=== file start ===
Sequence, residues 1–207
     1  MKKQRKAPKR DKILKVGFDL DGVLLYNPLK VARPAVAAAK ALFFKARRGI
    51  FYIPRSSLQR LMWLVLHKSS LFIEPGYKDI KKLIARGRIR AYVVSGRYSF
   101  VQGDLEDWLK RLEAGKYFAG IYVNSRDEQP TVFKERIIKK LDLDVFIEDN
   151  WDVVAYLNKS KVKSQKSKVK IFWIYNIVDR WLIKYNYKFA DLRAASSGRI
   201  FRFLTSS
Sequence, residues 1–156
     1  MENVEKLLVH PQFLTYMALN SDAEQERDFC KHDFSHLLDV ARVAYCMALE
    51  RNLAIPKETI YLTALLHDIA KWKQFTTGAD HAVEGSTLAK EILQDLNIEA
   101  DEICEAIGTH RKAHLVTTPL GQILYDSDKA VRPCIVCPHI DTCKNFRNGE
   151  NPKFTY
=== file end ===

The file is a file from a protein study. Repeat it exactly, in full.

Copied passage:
Sequence, residues 1–207
     1  MKKQRKAPKR DKILKVGFDL DGVLLYNPLK VARPAVAAAK ALFFKARRGI
    51  FYIPRSSLQR LMWLVLHKSS LFIEPGYKDI KKLIARGRIR AYVVSGRYSF
   101  VQGDLEDWLK RLEAGKYFAG IYVNSRDEQP TVFKERIIKK LDLDVFIEDN
   151  WDVVAYLNKS KVKSQKSKVK IFWIYNIVDR WLIKYNYKFA DLRAASSGRI
   201  FRFLTSS
Sequence, residues 1–156
     1  MENVEKLLVH PQFLTYMALN SDAEQERDFC KHDFSHLLDV ARVAYCMALE
    51  RNLAIPKETI YLTALLHDIA KWKQFTTGAD HAVEGSTLAK EILQDLNIEA
   101  DEICEAIGTH RKAHLVTTPL GQILYDSDKA VRPCIVCPHI DTCKNFRNGE
   151  NPKFTY